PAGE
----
Biff Ward’s charismatic father, Russel, was a celebrated, sometimes controversial, historian; her mother, Margaret, suffered from an undiagnosed mental illness for most of her adult life. Like the prim white gloves with which Margaret hid her mutilated hands, the Wards’ conventional exterior concealed fear, silences and the mysterious death of a baby girl.
In My Mother’s Hands offers a clear‐eyed account of a family’s struggle with mental illness at a time when the nature of that illness was not well understood and difference was stigmatised. Balancing compassion and candour, Ward draws nuanced portraits of both her parents. She recounts the unhappy consequences of her mother’s condition: the ineffective and harrowing medical interventions, terrifying episodes when the illness flared, and the emotional alienation and shame her mother’s peculiarity created within the family. Ward is also frank about her father’s personal shortcomings, while sympathising with his deep sense of frustration and dismay at his wife’s disturbing behaviour. Written without a trace of self‐pity, this is an insightful and moving memoir built around the author’s quest to untangle the puzzle of her sister’s death.
In My Mother's Hands was long-listed for The Stella Prize 2015. The judges wrote:
In 1950s Sydney, at the height of the Cold War, Biff Ward was the pre-teenage daughter of unusual parents: her mother was an undiagnosed paranoid schizophrenic and her father a prominent member of the Communist Party. In subsequent years, her historian father Russel Ward would become well known as the author of The Australian Legend, while her mother descended deeper into the mental illness whose first manifestation had been the mysterious death of her first child Alison, who had drowned, as an infant, in the bath.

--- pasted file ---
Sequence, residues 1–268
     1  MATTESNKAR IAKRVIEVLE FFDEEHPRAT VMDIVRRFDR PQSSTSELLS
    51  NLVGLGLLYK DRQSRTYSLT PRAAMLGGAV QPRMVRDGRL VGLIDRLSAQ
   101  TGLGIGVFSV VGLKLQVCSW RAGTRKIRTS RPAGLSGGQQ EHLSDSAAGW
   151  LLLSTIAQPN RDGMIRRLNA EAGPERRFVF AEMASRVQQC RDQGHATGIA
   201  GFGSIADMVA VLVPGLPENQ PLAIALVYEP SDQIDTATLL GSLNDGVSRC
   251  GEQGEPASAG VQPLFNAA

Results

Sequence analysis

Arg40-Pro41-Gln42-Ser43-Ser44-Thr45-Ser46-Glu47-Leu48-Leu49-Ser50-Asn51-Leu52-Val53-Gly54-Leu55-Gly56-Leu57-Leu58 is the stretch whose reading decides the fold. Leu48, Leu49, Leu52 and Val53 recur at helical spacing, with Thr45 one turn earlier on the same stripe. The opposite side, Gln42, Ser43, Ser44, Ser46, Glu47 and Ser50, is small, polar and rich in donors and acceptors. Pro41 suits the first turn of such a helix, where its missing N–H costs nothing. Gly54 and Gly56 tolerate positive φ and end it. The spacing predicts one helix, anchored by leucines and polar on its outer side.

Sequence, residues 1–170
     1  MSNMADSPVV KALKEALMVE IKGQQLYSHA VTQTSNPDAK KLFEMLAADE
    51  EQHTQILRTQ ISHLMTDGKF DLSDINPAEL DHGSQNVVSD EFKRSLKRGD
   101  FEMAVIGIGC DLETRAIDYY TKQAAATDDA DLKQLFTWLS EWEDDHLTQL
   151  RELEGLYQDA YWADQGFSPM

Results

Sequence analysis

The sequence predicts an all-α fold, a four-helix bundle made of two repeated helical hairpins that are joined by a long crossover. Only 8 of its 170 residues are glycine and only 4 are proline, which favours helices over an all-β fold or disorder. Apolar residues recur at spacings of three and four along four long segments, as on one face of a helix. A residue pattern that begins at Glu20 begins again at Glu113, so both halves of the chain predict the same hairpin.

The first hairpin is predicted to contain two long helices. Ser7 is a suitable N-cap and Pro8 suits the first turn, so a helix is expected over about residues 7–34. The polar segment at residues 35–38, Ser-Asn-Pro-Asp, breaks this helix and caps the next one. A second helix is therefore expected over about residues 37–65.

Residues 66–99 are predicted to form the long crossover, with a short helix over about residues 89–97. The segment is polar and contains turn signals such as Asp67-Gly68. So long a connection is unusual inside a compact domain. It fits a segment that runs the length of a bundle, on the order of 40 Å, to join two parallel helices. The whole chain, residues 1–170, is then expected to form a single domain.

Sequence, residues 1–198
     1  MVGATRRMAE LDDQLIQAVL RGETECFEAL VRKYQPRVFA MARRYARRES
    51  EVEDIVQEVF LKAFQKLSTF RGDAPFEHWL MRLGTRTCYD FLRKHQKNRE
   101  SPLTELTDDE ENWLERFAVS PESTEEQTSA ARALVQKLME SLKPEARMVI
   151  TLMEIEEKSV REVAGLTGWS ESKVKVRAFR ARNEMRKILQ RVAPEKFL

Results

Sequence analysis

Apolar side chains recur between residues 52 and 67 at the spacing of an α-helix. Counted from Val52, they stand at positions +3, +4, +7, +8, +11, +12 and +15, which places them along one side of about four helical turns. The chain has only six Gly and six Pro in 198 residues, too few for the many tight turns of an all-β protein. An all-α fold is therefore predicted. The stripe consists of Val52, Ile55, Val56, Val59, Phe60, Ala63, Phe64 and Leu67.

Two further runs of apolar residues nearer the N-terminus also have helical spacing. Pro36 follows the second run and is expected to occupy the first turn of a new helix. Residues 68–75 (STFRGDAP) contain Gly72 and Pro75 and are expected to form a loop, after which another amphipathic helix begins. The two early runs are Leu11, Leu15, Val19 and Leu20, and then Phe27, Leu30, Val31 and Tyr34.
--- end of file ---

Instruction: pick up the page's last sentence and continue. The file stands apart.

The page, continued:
This memoir is a moving and disquieting account of life in a family where silence ruled and nobody felt safe, but where everyone remained as loyal, and even as loving, as they could. Ward’s story of her family, and especially of her mother, is full of insight and frank intelligence, and shows what terrible stress and struggle sometimes went on behind closed doors in an era that stigmatised mental illness and idealised traditional family life.
In My Mother's Hands won the Canberra Crtitics'Circle Award for non-fiction for 2014.
Out-takes from Reviews of In My Mother's Hands
* In My Mother’s Hands is a coruscating and unsentimental account of an ordinary family beset by extraordinary circumstances, conveyed with love but never self-pity.
- Mandy Sayer, Anne Summers Report
* In My Mother's Hands is an extraordinary memoir … Sympathy, pity, confusion, anger and love radiate from her prose, as fresh and raw as they must have been 60 years ago. [It] is a gripping, disquieting account of a family held hostage to mental illness.
- Kylie Mason, Newtown Review of Books
* I can't think of any book I've read in recent years which I found more absorbing … The whole book is brilliant …
- Frank Bongiorno, ANU historian
* … this is a humbling book. I found it difficult to get it out of my head days after reading it.
- Sheila Fitzpatrick, Australian Review of Books
* In My Mother's Hands is an engaging and compelling book. I literally couldn't put it down. Like all great books, the reward comes not just in the act of reading, but in the feelings and contemplations which follow.
- David Roberts, UNE historian
* The very first sentence - There is in my family a grave that was never visited - enthralled me. What an amazing opening to a family story. An opening that goes to the heart of absence and makes it present. So present.
- Maryla Rose, psychotherapist
I was a guest speaker at the Griffith Review launch of Storied Lives in Canberra.